But wait. What about the fact that in addition to subdivisions there may be individual vacant lots that are 5,000 square feet. In fact there may be lots that are under 6,600 square feet that are vacant. This means that with the new standards larger houses may now be built on smaller plots on parcels that cannot be subdivided. Would anyone argue that building on these lots would not have an impact?
Again, it seems axiomatic that the development of these parcels will contribute to greater density not just in terms of the number of buildings that may increase in a given area but in terms of the feel of the neighborhood as larger structures appear with less open space on a plot and closer to their neighbors. Why are these parcels not included when determining the impact?
As noted earlier there is the real possibility that when allowed to construct larger homes on smaller parcels tear downs may become more attractive leading to greater density.
B. It Matters Where These Subdivisions Are
It may be that these parcels that can be subdivided are evenly spread throughout UR3. This would minimize their impact. But what if they are not? Because the number of sub dividable lots was determined through modeling and not through an inventory of existing plots, we have no idea where they are. In fact, if numbers of them were located in specific areas, they would have quite an impact on the immediate neighborhood.
3. One of the prime reasons offered by Camiros for reducing lot size and setbacks was that it would decrease the need for home owners to apply for variances to the Zoning Board of Appeals. They argued that variance applications are burdensome in terms of money for attorneys and in terms of time for the home owner.
In support of this it was noted that UR3 comprises only 13% of the parcels in the city but between 2010 and 2019 they generated 27% of the applications for variances.
A. I inquired of Vince and Deputy-Mayor, Lisa Shields, what were the actual number of applications as opposed to per centages. They were kind enough to respond giving me the total number for the decade which was 103. That number would represent an average rate of applications for each year of approximately ten. By month it would average less than one.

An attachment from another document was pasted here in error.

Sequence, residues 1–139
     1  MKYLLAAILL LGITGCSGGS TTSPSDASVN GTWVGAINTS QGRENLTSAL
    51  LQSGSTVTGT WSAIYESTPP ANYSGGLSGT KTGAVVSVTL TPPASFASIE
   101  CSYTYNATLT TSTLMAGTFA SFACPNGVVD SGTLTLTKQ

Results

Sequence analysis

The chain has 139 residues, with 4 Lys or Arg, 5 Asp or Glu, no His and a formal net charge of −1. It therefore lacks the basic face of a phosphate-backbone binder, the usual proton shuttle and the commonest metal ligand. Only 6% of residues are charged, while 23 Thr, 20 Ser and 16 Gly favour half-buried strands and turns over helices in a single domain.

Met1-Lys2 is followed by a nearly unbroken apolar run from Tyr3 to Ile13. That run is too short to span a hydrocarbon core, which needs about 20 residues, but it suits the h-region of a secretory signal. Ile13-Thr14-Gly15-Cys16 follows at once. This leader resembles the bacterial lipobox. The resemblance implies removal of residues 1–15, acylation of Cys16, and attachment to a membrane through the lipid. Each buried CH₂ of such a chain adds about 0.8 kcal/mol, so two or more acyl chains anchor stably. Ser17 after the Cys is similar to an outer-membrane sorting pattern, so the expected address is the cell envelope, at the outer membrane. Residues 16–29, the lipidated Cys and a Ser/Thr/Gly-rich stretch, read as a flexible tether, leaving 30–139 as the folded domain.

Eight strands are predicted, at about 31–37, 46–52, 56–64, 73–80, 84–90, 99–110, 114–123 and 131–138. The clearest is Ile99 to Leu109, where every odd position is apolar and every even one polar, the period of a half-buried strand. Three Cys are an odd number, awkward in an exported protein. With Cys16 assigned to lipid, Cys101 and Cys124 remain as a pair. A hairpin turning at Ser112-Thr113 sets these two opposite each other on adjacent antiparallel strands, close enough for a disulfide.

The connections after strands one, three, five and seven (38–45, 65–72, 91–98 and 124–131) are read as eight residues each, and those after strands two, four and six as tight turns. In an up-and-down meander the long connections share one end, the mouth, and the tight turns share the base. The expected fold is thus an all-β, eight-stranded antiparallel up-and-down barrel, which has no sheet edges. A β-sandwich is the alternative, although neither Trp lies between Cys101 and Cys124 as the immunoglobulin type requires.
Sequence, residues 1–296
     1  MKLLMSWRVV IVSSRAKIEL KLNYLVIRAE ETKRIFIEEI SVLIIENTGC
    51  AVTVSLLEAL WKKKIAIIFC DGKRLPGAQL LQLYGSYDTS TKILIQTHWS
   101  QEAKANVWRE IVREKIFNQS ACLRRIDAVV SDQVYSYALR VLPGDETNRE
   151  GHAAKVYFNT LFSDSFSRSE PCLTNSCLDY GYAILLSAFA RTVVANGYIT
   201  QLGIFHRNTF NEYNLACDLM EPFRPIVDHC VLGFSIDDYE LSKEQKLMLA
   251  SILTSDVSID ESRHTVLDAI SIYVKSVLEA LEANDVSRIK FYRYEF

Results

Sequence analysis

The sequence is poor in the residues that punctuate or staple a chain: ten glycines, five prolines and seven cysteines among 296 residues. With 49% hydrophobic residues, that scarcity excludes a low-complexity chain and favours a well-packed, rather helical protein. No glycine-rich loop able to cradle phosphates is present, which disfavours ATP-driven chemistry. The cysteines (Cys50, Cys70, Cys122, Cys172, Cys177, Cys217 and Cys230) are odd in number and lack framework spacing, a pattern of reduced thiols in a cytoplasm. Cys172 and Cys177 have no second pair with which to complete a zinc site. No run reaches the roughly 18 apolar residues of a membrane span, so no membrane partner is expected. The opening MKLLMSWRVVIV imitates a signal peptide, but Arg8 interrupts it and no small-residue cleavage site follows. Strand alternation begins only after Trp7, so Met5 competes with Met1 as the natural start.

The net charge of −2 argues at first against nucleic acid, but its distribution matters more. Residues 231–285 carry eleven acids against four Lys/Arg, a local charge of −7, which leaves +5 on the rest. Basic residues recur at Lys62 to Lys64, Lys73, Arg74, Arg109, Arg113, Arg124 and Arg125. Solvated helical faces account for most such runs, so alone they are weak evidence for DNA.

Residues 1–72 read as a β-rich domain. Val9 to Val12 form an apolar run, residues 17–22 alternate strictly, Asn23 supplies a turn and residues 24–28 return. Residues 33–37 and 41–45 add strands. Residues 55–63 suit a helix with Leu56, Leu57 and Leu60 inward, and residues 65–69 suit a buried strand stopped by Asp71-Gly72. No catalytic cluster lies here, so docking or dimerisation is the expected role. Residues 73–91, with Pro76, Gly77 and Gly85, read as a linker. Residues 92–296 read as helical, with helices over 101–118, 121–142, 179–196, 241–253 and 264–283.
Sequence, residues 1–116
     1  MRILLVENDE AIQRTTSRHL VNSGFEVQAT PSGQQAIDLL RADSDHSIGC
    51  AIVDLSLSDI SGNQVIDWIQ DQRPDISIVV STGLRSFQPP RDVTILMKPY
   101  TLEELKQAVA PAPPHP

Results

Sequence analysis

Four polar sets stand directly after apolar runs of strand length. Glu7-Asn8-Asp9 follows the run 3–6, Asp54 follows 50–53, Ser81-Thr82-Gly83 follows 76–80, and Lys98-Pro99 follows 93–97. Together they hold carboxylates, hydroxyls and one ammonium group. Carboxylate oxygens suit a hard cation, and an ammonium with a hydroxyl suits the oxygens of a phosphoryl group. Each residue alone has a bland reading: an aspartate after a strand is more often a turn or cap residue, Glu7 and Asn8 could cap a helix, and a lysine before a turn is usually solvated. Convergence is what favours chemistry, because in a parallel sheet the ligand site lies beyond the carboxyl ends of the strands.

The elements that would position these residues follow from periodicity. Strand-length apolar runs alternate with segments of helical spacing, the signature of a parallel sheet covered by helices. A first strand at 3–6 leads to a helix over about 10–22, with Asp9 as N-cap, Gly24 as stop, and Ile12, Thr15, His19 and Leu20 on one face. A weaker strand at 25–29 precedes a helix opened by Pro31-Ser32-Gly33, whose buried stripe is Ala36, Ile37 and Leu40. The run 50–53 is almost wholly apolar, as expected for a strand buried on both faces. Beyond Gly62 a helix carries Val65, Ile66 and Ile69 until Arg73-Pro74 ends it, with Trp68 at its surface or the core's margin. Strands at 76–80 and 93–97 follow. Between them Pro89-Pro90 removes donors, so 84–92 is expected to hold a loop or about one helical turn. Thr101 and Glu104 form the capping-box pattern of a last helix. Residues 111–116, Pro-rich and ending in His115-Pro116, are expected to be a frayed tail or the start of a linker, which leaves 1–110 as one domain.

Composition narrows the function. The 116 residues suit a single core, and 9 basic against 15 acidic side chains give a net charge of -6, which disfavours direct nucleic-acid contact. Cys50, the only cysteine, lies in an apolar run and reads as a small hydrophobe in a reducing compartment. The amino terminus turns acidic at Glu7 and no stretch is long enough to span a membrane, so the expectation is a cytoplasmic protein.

Among these 103 applicants there would have been builders as compared to homeowners. Judging by the new construction in UR3 they would have to represent at least a modest portion of these applications. So in terms of homeowners seeking variances, the number of applications would be even lower.
Having observed the Zoning Board of Appeals, homeowners with modest variance requests often appear without lawyers and uniformly receive a sympathetic review and determination from the ZBA.
I spoke to Chris Mathiesen who served as the ZBA’s chairman for seven years. He told me that the ZBA easily handled the applications it received. He did not see that there was a problem that needed to be addressed.
While they represent a higher proportion than other districts that in, and of itself, does not necessarily constitute a problem.
The more troubling aspect of this proposal is that no matter what the size and width zoning requirements, builders can be expected to seek variances to build the most house they can.
It is very possible that reducing the required lot size might create even more variances as builders struggle to construct projects in even less space.
Reducing the lot size and setbacks effectively moves the goal posts. Instead of starting at 6,600 square feet to negotiate with the ZBA they will start at 5,000. The same thing goes for the reduction in setbacks. This will almost certainly lead to even smaller lots.
On the positive side
Vince pointed out that the change in zoning would decrease the area allowed for impervious surfaces from 75% to 70%. This would potentially modestly minimize the problem of run off. Aside from the problem of negatively impacting the neighbors, the more porous land we have, the better the water quality will be for our lakes and streams. The earth acts as a kind of filter.
The building height limit will be dropped from sixty feet to forty feet. This strikes me as an eminently excellent idea.
Let’s Make It Better
While I have been frustrated by the failure to date to provide an annotated document that compares the current standards to the proposed standards in the many areas the UDO addresses, I know that the Council listens as does Vince. If our arguments are sound and they will make the UDO better I continue to believe that the UDO will be amended to address public concerns.